The recently issued document “A Circle of Protection” rightly points out that “Budgets are moral documents, and how we reduce future deficits are historic and defining moral choices.” Christians from both the political left and right can, and should, agree with this. Likewise, I think it would be difficult for me, or any Christian, to deny that “It is the vocation and obligation of the church to speak and act on behalf of those Jesus called ‘the least of these.’” Nor would I, or any thoughtful Christian, deny that such a witness is essential part of “our calling” and that we must “strive to be faithful in carrying out this mission.”

Where some Christians might disagree is with their contention that the federal budget must give a “moral priority to programs that protect the life and dignity of poor and vulnerable people in these difficult times, our broken economy, and our wounded world.” Others, like those involved with Christians for a Sustainable Economy, have done a very good job of criticizing the document’s equating support for government programs with support for people so I won’t repeat those criticisms here. I would however like to make a more general point.

A number of the signatories of “A Circle of Protection” are ordained clergy and/or representatives of various Christian denominations or ministries. Many, and I dare say most, probably benefit personally from the federal housing allowance for clergy. Because they work for religious denominations that are also non-profit corporations, they benefit institutionally from what, in a slightly different context, might be called corporate welfare.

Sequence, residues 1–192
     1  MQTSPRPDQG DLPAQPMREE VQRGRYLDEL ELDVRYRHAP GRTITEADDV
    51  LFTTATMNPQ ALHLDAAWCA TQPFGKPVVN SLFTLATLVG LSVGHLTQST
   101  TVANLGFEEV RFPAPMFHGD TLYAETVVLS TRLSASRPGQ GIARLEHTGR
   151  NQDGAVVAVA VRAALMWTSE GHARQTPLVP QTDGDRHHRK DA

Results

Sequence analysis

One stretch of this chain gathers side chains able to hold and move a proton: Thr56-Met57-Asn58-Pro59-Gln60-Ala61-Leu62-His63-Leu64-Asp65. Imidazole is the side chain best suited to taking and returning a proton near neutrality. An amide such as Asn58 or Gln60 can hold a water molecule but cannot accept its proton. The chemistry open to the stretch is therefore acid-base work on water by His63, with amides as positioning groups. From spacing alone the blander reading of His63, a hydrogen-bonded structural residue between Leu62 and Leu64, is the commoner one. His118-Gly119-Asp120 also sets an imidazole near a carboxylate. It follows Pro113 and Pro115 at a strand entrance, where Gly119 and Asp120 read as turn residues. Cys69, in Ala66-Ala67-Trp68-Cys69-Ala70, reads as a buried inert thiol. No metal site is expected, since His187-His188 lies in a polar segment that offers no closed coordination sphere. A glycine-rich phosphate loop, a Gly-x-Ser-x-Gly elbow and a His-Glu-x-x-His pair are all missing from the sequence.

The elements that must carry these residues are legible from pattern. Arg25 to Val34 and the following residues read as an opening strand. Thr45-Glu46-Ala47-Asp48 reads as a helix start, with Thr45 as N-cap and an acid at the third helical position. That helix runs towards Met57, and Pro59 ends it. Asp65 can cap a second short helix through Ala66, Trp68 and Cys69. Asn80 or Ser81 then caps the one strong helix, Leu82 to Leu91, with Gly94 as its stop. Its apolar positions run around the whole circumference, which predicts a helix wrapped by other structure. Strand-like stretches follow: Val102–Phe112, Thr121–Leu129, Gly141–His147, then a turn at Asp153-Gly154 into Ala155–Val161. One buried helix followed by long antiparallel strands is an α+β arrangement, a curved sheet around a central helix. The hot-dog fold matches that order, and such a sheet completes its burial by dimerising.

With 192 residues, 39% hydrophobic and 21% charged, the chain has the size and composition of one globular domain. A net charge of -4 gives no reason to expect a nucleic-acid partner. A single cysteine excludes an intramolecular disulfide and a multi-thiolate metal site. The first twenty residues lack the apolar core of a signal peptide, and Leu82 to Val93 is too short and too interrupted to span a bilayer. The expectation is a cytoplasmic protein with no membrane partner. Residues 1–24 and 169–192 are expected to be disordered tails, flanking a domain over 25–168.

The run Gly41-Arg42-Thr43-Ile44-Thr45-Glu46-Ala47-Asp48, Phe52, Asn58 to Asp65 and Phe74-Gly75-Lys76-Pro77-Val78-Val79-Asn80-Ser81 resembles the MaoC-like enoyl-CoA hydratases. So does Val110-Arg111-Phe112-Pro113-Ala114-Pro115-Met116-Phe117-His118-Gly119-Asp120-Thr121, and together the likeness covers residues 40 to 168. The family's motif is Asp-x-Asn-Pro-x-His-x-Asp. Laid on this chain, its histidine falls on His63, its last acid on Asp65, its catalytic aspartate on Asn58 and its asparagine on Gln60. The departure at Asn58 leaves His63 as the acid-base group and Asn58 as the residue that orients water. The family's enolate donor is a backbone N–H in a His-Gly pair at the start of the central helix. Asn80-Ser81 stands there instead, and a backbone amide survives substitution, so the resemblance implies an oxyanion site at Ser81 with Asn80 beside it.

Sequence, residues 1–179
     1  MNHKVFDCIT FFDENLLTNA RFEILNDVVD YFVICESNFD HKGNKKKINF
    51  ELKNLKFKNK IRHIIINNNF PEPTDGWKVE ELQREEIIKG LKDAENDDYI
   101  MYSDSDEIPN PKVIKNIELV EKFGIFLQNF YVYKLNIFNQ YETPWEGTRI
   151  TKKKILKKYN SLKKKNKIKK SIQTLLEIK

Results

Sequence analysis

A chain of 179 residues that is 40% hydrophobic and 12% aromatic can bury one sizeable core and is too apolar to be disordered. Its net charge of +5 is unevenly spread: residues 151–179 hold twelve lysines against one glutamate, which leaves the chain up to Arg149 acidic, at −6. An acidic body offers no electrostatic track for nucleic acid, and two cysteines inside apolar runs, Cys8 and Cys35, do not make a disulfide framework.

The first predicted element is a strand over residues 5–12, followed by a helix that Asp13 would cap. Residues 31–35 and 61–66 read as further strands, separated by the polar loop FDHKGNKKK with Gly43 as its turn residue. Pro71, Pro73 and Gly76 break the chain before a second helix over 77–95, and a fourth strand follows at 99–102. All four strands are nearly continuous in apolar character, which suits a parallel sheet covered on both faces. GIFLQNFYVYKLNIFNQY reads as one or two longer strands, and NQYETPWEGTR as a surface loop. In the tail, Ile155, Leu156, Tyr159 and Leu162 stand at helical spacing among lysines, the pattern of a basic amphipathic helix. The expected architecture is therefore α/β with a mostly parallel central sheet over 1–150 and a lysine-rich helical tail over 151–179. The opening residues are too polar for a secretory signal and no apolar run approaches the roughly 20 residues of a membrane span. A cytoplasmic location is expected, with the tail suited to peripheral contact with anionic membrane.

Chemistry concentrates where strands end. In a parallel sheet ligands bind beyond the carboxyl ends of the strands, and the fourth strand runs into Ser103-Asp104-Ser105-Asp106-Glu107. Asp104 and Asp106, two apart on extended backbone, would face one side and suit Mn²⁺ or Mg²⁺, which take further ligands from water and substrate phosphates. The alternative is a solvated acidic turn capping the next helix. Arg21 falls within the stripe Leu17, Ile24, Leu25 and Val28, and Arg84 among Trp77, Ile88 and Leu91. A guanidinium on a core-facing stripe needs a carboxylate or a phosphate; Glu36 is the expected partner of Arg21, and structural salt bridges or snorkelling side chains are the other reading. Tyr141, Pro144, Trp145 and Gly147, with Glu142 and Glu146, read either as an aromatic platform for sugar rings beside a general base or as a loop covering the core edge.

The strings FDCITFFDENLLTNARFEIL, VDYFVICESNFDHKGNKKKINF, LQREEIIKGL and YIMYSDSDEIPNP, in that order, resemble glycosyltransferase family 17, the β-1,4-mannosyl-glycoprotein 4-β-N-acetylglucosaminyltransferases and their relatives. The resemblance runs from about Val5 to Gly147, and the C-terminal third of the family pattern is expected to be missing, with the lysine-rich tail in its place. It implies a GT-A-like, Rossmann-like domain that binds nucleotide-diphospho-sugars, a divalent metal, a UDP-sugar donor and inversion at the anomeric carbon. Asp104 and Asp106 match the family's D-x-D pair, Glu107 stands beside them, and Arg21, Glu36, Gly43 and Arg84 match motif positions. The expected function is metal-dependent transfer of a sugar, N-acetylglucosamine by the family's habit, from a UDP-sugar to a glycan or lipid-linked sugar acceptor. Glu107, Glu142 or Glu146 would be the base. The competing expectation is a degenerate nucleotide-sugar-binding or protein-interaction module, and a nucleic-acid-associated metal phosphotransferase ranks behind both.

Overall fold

Don’t misunderstand me. I’m not suggesting that there is anything necessarily wrong with either the clergy housing allowance or a ministry having non-profit status. As I said above, religious institutions play an important and essential role in fostering a free and virtuous society.

Nor am I calling into question the sincerity of anyone’s faith. But I am mindful of the admonition that we “do no injustice in judgment” by being “partial to the poor” or holding in “honor the person of the mighty.” We are instead to be “righteousness” in our judgments (Lev 19:15, NKJV). I wonder whether or not under such a standard a Christian community can “be faithful in carrying out” its “mission” to speak for those in material need while at the same time accepting for themselves preferential treatment under the tax code. In light of these considerations, perhaps those clergy who are advocating for more government spending would do their share for this cause by voluntarily—and very publicly—returning to the U.S. Treasury an amount equal to their parsonage allowance. Annually.